The Trail of Tears
In 1802, Thomas Jefferson made it apparent that he supported the removal of

Indians to Western territories.  By 1830 this became a possibility when President

Andrew Jackson signed the Indian Removal Act.  The Five Civilized Tribes were to

move east of the Mississippi River.This brought great opposition from the Cherokee

Indians, who took their case against Georgia to the Supreme Court.  They did not

feel as if the act were constitutional.  Although they won, Jackson and the U.S.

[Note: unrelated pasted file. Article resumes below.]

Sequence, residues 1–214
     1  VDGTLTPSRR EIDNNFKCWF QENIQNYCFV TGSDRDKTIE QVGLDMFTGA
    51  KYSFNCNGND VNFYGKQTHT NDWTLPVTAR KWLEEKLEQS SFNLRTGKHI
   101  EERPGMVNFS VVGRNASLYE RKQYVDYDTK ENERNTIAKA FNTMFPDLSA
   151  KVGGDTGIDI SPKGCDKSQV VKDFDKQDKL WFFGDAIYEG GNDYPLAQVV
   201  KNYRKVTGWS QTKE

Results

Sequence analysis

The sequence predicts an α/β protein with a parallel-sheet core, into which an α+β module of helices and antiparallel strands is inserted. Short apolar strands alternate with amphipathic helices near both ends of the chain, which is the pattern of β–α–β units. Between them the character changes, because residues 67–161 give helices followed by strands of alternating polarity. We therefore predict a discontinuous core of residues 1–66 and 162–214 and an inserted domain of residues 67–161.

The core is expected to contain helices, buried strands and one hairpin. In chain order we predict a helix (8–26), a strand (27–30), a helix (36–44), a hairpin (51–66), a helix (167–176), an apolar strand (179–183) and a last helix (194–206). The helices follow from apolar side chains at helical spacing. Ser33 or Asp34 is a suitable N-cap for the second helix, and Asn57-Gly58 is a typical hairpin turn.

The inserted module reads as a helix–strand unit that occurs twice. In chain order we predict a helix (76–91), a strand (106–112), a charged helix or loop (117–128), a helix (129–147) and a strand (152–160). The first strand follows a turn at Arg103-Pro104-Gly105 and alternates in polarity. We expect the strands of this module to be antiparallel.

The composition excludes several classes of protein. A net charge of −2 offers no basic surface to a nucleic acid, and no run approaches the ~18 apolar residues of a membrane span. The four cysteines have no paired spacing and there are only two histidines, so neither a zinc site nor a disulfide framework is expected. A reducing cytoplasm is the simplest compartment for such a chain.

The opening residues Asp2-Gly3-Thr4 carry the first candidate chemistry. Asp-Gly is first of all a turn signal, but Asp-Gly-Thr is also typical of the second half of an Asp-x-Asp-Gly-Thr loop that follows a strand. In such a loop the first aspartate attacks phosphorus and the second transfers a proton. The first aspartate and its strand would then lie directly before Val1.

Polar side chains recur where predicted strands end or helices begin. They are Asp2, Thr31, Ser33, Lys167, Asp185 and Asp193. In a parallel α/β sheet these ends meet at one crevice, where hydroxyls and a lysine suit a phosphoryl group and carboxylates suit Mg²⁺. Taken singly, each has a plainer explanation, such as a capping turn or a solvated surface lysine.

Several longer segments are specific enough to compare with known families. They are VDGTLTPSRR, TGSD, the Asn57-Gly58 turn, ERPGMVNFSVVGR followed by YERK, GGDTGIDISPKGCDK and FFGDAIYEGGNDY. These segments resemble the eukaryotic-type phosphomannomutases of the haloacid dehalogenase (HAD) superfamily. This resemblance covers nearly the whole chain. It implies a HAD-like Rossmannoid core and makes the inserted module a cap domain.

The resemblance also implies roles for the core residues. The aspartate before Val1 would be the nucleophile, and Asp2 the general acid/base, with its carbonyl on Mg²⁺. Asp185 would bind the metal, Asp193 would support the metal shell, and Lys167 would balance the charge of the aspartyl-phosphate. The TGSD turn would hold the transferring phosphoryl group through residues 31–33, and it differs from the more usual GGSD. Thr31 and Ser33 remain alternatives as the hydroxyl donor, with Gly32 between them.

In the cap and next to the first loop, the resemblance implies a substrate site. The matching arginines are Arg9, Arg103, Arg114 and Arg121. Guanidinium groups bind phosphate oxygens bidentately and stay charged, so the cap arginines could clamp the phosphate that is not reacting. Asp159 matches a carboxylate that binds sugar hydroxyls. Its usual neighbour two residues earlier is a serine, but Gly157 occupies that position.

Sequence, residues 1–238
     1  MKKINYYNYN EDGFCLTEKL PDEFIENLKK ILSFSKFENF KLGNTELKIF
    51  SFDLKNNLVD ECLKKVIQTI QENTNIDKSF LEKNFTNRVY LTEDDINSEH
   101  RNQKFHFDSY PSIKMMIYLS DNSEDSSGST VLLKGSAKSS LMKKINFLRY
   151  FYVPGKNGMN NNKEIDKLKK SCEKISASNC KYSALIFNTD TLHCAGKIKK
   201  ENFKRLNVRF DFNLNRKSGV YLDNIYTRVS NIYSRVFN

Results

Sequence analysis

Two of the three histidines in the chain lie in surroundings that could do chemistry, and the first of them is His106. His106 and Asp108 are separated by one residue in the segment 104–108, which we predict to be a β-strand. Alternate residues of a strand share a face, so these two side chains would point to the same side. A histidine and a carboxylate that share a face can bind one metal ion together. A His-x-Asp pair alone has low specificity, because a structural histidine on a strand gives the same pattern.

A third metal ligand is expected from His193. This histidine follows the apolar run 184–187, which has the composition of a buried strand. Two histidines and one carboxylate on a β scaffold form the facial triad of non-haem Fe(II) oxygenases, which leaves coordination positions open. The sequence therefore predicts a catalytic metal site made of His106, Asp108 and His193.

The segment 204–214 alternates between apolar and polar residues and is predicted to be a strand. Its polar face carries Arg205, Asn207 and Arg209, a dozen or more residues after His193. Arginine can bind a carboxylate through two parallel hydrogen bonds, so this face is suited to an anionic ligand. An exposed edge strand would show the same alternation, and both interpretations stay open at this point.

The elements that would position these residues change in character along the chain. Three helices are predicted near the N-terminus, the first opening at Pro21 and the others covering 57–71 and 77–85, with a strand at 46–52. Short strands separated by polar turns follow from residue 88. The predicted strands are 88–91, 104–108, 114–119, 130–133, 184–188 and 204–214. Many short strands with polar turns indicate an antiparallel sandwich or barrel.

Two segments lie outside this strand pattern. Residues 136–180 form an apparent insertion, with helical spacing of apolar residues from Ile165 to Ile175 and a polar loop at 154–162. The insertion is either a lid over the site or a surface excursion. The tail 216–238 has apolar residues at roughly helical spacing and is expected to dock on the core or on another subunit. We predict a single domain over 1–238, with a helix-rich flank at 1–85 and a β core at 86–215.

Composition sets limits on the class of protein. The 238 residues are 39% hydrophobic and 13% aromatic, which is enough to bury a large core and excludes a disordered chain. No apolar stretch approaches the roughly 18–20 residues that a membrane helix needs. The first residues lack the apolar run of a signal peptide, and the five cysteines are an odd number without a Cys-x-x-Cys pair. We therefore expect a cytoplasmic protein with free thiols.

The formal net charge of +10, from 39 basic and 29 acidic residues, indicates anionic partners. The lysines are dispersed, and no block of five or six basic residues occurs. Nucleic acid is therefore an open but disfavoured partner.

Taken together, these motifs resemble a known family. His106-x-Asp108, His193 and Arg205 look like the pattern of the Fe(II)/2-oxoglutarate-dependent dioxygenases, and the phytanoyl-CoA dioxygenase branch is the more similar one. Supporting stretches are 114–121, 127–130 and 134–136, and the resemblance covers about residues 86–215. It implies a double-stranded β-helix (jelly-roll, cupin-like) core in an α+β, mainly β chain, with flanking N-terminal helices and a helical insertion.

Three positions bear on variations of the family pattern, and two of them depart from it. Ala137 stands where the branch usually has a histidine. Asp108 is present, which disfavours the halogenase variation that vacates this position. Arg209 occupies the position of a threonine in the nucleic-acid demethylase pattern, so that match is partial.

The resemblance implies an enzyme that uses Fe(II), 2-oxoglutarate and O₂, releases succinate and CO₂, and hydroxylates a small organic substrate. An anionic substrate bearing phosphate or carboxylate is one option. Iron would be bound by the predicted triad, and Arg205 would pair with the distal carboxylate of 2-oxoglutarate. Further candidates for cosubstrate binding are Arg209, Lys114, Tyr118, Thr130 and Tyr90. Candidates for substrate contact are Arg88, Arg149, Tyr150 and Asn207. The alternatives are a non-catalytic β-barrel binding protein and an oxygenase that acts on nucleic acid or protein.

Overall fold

Government continued their removal efforts.  To seal the deal, the Government

convinced 100 Cherokees to sign the Treaty of New Echota in which the Cherokee

gave up all claim to lands east of the Mississippi River.  Those who resisted where

forced to make the journey west on The Trail of Tears.  The journey included

17,000 Cherokees, 4,000 of which died of starvation, exposure, and disease.